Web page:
A crown court judge asked a defence barrister to trawl the Chinese restaurants of Cardiff to find an interpreter after the company contracted to provide translators failed to do so on two occasions.

The Gazette has learned that Liu Sun was taken to Cardiff Crown Court on 16 July after being arrested on a warrant in relation to offences of importing prohibited goods. She denies the charges.

His Honour Judge Burr adjourned the case until the following day as no Mandarin interpreter had been provided by Capita.

When the case returned to court on 17 July there was still no interpreter, prompting the judge to make the request, which the defence barrister declined to carry out.

On the third occasion the defendant was brought to court, an interpreter was provided.

A similar problem had occurred at the same court on 15 July when the case of another Chinese defendant, Liu Guiying, had to be adjourned.


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Hundreds of court cases requiring an interpreter were disrupted in the first quarter as outsourcer Capita continued to fall short of its required performance target.

The statistics for the first three months of 2014 show a rise in the number of requests fulfilled, although the figure remains well below its contractual commitment of 98%.

The number of requests for an interpreter rose to 45,100 – the highest since the contract began in January 2012.

The percentage of requests completed rose by 4% from the last quarter of 2013 - to 94.5% - equal to the previous peak in the third quarter of 2012.

But this means there were still 2,480 cases disrupted due to the lack of an interpreter. At no point since the contract began has Capita reached the 98% performance target.

The data shows the overall number of complaints about the service have fallen to the lowest number since the contract began.

There were 1,000 (2.2% of cases) complaints, down by 21% from the 1,200 in the last three months of 2013 and a 54% fall compared to the 2,100 complaints made in the first quarter of 2013.


The case of two men charged in relation to the handling of stolen Mercedes vehicles has been adjourned so that evidence can be provided to the defence and appropriate interpreters arranged.

Maksim Filiusin, 35, of Oxford Street, Grantham is charged with one count of handling the stolen Mercedes Sprinters, while Irmantas Urbonas, 37, of Belton Avenue, Grantham, faces one count of attempting to handle the stolen vans.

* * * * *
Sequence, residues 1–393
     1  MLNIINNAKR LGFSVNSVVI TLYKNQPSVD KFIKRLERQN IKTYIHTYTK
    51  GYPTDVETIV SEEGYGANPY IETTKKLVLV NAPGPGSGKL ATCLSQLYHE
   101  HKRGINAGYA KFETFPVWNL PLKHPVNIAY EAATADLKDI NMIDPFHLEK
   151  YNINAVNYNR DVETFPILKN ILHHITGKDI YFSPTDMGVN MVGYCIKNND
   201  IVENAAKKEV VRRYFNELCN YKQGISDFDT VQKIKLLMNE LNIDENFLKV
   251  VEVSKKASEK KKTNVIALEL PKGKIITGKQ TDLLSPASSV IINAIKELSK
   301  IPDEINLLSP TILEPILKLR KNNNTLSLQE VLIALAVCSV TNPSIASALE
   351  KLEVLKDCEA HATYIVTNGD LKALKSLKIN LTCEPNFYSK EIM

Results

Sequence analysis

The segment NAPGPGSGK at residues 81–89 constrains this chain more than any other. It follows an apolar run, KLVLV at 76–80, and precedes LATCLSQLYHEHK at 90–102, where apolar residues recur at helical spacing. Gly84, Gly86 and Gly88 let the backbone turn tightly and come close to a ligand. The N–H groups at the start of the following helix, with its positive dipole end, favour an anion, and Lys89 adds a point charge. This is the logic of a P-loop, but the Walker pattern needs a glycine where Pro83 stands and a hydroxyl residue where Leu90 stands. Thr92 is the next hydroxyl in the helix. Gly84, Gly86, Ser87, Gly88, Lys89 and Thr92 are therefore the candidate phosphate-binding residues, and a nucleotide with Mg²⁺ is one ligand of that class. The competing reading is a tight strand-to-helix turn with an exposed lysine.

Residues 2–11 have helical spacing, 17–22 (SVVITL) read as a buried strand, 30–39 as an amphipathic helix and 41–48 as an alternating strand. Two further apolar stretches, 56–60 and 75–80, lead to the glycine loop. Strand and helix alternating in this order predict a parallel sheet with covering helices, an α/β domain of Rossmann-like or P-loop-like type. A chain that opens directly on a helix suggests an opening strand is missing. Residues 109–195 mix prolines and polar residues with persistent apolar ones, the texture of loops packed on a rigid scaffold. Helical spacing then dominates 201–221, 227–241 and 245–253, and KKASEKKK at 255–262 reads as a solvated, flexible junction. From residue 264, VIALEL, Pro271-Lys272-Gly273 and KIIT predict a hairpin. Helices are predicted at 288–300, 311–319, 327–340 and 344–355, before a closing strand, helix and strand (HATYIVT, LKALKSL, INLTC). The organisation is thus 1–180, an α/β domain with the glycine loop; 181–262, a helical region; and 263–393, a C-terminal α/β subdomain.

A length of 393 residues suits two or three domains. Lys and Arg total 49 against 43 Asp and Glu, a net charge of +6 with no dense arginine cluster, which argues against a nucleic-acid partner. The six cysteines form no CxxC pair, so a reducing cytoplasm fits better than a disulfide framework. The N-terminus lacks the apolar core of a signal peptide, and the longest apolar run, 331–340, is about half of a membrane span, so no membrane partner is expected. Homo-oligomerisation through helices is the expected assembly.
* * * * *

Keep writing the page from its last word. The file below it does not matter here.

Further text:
Both matters date back to March 1 of last year, but the two men were only recently charged on June 23.

Representing Mr Urbonas, Mr Middleton described the case as ‘labyrinthine’ and requested an adjournment so that more evidence could be provided by the CPS.

The case was also unable to proceed because no appropriate interpreters were available.


Dear Committee,
I have previously engaged in correspondence with the committee regarding the ongoing failures of this contract. One of the fundamental requirements of the original contract was that the interpreters recruited by the contract (Capita Translating and Interpreting, formerly Applied Language Solutions) were to be assessed by an independent party. This was to ensure that the interpreters had the necessary competence for the skill tier level into which they were to be placed.
The investigation by the National Audit Office and subsequent hearings by the committee revealed that this assessment process was not being carried out by the contractor, and that the collaboration with Middlesex University had collapsed before the contract had gone live. During the committee hearings, assurances were given to the committee by both the contractor and the Ministry of Justice that an alternative assessment process would be implemented. Despite these assurances, no such process has yet been devised, let alone put in place. At the hearing of January 27th 2014, Sir Peter Handcock stated that a contract had been placed with an independent consultant to consider the whole question of what interpreting qualifications were appropriate for the contract, and how competence was to be assessed, and further, that this would be completed ‘by the end of the year’, by which it was assumed the end of the financial year i.e. end of March 2014.
The contract was given to Matrix Solutions, and during March 2014, an on-line survey was sent out to interpreters to gauge their views on the experience and qualifications required for interpreting in the justice environment. The survey had to be returned by April 11th. Since that time, nothing has been heard by the interpreting community as to the conclusions and recommendations of the Matrix investigation, or even whether such a report has been completed and submitted to the MoJ.